As the urine soaked up through the “stick” I looked at the window. The horizontal line was creeping toward the middle of the window and I thought I saw a trace of a vertical line. What? My only instinct in that moment was to close my eyes and wait three seconds, when I opened up my eyes the hazy vertical line was now almost solid blue against the horizontal line. I set it down on the toilet roll holder, washed my hands and walked out of the bathroom. The box said I had to give it three minutes for an accurate result, and that’s exactly what I was going to do.
Needless to say, three minutes later that plus sign was still there. I still can’t understand what exactly washed over me in that moment. I think I was too terrified to be happy because my husband and I will be officially outnumbered in less than a year.
Initially, it didn’t go over so well with my husband. It took him a couple of days to grasp what was about to happen. I took a couple more tests from different brands and they all confirmed what the first had said.
I feel like I climbed a mountain only to see the rest of it reached into the clouds. I was worried when we found out we were pregnant with Baby A but this is different. This is surreal to me. It’s still too early to know anything other than implantation is complete, the oxidized spotting and cramping have stopped. The placenta is forming in my womb and my uterus is getting ready for expansion. Here we go.
How does everyone do it?
I feel I always see moms have it all together, all the time. Not one hair out of place on their heads or their children, not even the need to raise their voice above a whisper. Meanwhile, I’m the banshee chasing both my kids everywhere.
I don’t wear makeup, I can’t figure out how to apply it without looking like I gave myself a black eye — so I wash and go, but still and yet I manage to look completely disheveled or mid-frenzy. In short, sub-par to the other moms I encounter.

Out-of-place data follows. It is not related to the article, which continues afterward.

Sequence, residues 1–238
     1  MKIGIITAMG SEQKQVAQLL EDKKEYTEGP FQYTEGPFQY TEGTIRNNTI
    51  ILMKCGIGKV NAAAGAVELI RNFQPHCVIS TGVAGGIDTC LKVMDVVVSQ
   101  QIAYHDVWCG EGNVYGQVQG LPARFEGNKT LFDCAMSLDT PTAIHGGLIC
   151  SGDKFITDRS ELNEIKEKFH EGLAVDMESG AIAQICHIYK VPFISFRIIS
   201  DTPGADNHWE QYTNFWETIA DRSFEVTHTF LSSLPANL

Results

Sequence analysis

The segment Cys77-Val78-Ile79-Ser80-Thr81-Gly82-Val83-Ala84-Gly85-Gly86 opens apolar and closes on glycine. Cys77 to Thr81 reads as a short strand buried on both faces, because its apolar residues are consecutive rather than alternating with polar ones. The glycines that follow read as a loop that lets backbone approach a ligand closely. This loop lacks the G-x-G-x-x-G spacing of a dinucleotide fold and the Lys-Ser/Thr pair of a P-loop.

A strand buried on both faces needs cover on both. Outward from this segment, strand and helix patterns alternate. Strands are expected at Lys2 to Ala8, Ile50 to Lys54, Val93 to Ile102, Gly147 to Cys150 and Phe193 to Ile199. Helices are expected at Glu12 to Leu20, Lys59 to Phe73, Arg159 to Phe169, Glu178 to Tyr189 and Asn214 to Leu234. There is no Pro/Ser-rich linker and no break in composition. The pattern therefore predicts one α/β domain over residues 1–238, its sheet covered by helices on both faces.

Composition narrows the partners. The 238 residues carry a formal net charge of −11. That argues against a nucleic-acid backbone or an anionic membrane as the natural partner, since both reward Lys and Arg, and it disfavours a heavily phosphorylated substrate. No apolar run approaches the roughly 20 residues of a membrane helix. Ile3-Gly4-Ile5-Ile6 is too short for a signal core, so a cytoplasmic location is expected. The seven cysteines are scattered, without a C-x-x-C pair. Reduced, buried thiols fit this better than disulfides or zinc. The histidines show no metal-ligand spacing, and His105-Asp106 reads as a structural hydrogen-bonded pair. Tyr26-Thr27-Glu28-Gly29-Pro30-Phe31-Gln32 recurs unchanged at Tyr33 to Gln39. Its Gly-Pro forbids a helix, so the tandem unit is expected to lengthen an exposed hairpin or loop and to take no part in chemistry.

D has a classmate who’s mom always has a perfectly made up face and hairstyle to match. I keep my awe to myself for fear of coming off as inappropriate, but seriously how does she even get out of the house? My stress levels rise to the red zone when we take more than 20 minutes to leave the house. (Basically every day.)
This isn’t exclusive to me either. Today I walked into my house to find both my kids covered in red marker. I haven’t found the original red Sharpie they used but I suspect they managed to use up all the ink so I’m not that worried about it.
Our house is usually in a phase of disarray but it’s not for lack of trying. We are in the process of hiring, dare I say, a maid. We both work full time on opposite schedules and barely high five in the mornings when we see each other.
In recent months I’ve been promoted and that comes with added responsibilities, which translates to more time at the office. What is interesting to me is I took the job because I thought it would help better provide for my children, the downside is I see them less. What was the actual gain here? Is it worth it?
My hope is to give my children the best childhood I can while also teaching them important values and morals. For example, how do you teach the importance of financial stability without promoting greed? Parenting is probably the hardest human trial we willingly enter.